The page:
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FEASIBILITY AND REACH OF A HOME-TEST GIVEAWAY IN NEW YORK CITY, 2015–2016
Zoe R. Edelstein1, Paul M. Salcuni1, Benjamin Tsoi1, Paul Kobrak1, Adriana Andaluz1, David A Katz2, Demetre C. Daskalakis1, Julie Myers1
1New York City DHMH, Queens, NY, USA,2Univ of Washington, Seattle, WA, USA
The home HIV test may increase HIV status awareness. Advantages include convenience and privacy; barriers include cost and limited access. New York City (NYC) Health Department distributed HIV self-tests (HIVST) to men and transgender people who have sex with men (MTSM) at no charge by mail. We examined the feasibility and reach of our HIVST Giveaway (HTG) model.
Participants were recruited on dating applications and websites. Eligibility was limited to adult NYC residents who were MTSM and not previously HIV-diagnosed. Eligible participants were emailed a code to redeem on the manufacturer's website for a HIVST. Data collected via online eligibility survey included age, race/ethnicity, and time since last HIV test. Approximately 2 months after distribution ended, an online follow-up survey was used to collect information on test receipt, use, experience, result and, if appropriate, confirmatory testing. Sociodemographic factors and behaviors related to risk of HIV exposure were also assessed. To examine representativeness of those who followed up, we compared eligibility survey responses of all code redeemers to test receivers (reported on follow-up) (Chi-square test).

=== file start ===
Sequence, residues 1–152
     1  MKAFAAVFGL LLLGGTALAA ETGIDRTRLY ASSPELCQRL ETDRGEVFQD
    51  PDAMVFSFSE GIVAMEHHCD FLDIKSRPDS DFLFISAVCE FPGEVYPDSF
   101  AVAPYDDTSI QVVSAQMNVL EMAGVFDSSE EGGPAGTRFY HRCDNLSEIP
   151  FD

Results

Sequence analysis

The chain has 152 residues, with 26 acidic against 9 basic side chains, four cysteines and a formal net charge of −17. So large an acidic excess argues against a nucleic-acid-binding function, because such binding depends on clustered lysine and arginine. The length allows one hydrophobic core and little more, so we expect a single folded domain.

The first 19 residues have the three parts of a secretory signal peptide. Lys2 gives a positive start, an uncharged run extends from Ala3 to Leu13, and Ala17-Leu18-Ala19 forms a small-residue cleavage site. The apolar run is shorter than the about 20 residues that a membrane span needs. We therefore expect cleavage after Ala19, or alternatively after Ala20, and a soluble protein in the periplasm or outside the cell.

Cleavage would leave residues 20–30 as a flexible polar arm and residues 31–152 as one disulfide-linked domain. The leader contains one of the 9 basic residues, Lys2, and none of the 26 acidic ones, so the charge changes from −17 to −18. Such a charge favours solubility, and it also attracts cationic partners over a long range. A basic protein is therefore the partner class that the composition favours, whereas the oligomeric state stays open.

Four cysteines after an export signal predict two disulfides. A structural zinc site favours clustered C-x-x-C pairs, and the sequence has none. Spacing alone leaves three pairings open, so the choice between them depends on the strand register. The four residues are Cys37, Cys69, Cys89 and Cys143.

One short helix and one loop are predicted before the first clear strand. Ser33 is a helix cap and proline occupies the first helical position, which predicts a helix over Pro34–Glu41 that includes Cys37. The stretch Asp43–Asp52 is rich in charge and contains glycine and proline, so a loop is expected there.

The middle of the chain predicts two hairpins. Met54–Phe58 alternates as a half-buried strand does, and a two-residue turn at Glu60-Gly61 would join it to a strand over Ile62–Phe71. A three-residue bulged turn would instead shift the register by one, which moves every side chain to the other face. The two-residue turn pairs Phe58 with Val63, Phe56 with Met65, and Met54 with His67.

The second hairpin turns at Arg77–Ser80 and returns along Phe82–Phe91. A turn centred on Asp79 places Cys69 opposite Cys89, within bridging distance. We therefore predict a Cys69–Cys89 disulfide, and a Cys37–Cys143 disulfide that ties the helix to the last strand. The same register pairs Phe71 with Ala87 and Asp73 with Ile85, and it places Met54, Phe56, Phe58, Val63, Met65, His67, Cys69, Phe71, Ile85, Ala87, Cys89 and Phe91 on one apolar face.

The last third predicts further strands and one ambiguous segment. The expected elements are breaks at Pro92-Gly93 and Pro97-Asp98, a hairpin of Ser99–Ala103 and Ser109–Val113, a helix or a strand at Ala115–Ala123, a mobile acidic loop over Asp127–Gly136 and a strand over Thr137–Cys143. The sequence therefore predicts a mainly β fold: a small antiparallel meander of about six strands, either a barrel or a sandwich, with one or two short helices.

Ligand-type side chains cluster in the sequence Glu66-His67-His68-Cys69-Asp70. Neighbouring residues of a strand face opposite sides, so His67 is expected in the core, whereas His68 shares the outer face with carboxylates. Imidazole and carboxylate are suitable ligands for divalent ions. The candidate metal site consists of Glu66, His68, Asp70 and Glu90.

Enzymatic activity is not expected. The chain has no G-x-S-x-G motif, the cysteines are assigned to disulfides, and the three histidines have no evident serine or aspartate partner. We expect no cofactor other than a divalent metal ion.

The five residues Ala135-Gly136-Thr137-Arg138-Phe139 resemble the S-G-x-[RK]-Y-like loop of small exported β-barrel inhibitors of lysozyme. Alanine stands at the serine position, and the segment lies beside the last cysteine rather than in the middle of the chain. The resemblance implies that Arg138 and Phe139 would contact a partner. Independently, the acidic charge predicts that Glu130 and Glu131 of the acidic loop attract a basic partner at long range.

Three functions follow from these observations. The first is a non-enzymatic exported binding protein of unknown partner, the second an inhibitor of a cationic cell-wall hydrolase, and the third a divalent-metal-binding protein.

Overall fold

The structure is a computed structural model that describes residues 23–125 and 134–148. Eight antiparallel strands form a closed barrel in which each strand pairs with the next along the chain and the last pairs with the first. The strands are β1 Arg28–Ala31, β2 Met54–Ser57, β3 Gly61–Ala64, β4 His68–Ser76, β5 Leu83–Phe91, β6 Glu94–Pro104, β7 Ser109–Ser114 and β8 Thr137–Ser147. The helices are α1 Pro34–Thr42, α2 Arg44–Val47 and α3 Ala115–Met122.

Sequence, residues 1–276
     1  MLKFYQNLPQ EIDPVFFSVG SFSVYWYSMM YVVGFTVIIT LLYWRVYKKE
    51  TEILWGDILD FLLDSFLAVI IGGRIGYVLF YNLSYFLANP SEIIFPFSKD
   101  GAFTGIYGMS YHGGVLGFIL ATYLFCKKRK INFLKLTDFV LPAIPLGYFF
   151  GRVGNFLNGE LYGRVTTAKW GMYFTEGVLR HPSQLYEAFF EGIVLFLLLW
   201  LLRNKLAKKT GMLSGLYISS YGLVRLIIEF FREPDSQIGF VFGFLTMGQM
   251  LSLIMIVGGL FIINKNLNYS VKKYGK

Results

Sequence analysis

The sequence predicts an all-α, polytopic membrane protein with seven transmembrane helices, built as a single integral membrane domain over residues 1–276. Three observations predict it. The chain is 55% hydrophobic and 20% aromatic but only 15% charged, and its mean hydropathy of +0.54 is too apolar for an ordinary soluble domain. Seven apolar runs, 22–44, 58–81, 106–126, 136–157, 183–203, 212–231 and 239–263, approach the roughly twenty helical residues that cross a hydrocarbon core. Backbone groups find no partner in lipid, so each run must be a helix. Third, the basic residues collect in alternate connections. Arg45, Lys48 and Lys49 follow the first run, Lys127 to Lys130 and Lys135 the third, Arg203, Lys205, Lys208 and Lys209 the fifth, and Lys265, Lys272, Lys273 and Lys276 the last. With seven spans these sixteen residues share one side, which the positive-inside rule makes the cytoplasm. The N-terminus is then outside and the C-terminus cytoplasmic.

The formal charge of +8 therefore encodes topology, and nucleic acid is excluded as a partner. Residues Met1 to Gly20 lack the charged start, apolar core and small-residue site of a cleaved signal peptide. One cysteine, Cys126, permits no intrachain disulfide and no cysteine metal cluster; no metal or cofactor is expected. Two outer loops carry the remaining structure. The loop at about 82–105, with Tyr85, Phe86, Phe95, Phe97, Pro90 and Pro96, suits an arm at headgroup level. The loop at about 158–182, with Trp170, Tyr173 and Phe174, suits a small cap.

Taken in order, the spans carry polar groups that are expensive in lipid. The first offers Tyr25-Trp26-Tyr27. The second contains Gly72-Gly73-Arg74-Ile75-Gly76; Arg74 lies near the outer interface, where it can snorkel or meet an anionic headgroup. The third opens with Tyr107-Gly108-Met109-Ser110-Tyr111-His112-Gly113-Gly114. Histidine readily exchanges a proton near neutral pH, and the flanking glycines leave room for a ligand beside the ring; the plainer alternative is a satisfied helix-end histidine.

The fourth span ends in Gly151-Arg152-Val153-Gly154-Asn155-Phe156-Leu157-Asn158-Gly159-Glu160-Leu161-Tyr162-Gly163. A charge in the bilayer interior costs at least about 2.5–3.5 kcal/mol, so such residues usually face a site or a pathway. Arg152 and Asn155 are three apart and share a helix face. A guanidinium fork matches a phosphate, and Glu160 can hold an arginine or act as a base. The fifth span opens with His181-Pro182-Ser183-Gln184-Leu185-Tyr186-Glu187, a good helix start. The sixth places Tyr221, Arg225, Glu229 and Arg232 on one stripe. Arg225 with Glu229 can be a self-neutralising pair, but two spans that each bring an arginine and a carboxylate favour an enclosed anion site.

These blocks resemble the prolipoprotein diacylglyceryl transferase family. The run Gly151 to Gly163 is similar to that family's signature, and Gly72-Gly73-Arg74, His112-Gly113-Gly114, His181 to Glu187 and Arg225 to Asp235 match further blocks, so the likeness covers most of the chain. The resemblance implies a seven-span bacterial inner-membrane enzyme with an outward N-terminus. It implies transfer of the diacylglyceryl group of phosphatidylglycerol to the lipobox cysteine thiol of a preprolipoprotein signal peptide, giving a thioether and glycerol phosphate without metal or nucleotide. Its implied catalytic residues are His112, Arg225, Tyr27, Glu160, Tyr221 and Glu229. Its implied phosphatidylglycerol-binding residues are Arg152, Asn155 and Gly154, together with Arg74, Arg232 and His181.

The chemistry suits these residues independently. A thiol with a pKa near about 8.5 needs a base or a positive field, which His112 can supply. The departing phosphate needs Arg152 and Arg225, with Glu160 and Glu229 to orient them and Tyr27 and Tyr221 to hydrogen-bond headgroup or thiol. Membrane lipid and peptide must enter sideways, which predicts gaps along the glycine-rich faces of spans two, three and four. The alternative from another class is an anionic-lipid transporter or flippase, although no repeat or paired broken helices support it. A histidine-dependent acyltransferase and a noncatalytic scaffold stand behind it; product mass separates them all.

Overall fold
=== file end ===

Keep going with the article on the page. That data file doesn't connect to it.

Recruitment concluded in 23 days with 2500 codes distributed. Among those screened, 74% were deemed eligible (Table). Among eligible participants, 71% were code redeemers. Response to the follow-up survey was 48%. Among respondents, 74% of test receivers had used the test. Most test users (72%) were <35 year-old, 41% were of color, 18% had income <$20,000/year, 86% reported risk of HIV exposure (past 6 months), and 14% and 28% reported never testing and testing >1 year prior, respectively. Most test users (71%) reported testing sooner than usual or for the first time and 98% reported being likely to recommend HTG to a friend. Among 868 test users, 7 reported a reactive result (0.8%), of whom 5 reported no previous diagnosis; among the latter, 80% (4/5) reported receiving a confirmatory test. No differences were detected comparing all code redeemers to test receivers (p<0.05).
The HTG rapidly distributed a large volume of tests to a diverse set of NYC MTSM, many of whom had never tested or not tested recently. Despite reaching those at higher risk of HIV exposure, reported seropositivity was relatively low. Findings have motivated future HTG adaptions, including partnership with community-based organizations to recruit those at risk of HIV exposure who may not be reached online.